Most National Security hawks see Edward Snowden as a traitor, while Civil Liberties types see him as a hero. However you may feel about him, Snowden’s whistleblowing was a blue pill moment with global repercussions. On one hand, it has emboldened authoritarian states, by exposing the US as a champion of freedom and liberty in name only, and inspired them to use Big Data and new surveillance technologies to monitor and if necessary suppress the citizenry with greater efficiency. Around January 2018, China started using cameras, geofencing and face recognition software to monitor and contain movement of Uighur minorities within their designated areas.
On the other hand, it has sparked a long overdue discussion about individual data privacy and security, a discussion has now turned into a decisive action when the European Union activated the General Data Protection Regulation on May 25th 2018. The GDPR returns control of personal data privacy in the hands of the end-user by mandating that European data processing entities disclose to their users what kind of information is collected, present the legal basis for the data collection, specify data retention period, and take precautions to anonymize the collected data among other things. More importantly, it also gives end-users the right to be forgotten on demand by having their data erased. As a result of this sweeping regulation, you may have received a bunch of emails lately, asking you to review updated policies from various services you may have subscribed to in a haze of drunken stupor. You would be well advised to read through them, because in the end, your data privacy is in your own hand.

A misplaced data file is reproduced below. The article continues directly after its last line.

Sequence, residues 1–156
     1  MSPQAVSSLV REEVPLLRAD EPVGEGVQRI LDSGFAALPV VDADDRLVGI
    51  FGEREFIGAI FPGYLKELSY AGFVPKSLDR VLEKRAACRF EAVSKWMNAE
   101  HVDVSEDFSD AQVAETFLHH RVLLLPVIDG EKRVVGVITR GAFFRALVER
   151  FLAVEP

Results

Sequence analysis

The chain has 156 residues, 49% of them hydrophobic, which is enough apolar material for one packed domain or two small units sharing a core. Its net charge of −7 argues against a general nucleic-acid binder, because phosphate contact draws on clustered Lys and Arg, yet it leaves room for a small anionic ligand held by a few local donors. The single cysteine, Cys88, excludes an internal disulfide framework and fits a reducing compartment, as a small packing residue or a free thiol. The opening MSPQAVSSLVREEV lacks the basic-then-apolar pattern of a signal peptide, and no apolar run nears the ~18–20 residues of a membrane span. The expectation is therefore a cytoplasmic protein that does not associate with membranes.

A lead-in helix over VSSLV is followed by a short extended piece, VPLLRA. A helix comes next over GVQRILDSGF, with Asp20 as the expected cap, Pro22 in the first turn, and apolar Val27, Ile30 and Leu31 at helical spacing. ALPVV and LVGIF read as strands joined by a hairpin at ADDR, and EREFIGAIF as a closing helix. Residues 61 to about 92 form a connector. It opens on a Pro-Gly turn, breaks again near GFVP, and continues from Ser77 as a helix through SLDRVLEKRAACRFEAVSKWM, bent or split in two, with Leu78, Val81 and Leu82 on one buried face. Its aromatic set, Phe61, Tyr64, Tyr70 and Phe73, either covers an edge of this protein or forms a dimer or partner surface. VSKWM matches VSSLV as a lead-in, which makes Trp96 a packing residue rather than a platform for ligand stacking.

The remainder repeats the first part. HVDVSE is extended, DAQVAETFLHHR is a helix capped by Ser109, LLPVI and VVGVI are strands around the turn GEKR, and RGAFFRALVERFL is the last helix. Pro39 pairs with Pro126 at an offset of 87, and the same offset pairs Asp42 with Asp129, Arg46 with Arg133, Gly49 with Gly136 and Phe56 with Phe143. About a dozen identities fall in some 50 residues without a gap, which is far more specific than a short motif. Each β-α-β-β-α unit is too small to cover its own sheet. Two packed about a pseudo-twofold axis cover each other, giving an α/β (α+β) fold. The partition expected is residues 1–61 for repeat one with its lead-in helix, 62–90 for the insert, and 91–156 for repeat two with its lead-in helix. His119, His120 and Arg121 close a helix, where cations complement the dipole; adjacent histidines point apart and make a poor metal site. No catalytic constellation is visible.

The growing trend to return control of personal information to the end-users is a welcome stride in the right direction. It is not my focus however. I certainly want to see companies build products, platform, and infrastructures with privacy built-in by default, but to also want to reach out to the man and woman on the street, to explain the value of such technologies as it relates to their lives. Privacy, cyber-security and they relate to our freedom is a vitally important subject, but also a dull one. Singing about privacy is my way of steering attention to it, without sounding like President Obama talking about Healthcare on CSPAN. When I produced “Stand-up”, wanted to frame it as a choice to the every-man. Like Morpheus in “The Matrix” the song presents you with two options: You can either take a stand with me and like-minded people who want to take responsibility for our own privacy and freedom, or you can always leave the decision of what to do with yourself to others, and be content with perfunctory illusions of privacy and freedom. Not having to make a choice is very comfortable, but the downside is that it makes you into a sucker.
Take your pick: Red pill or blue pill?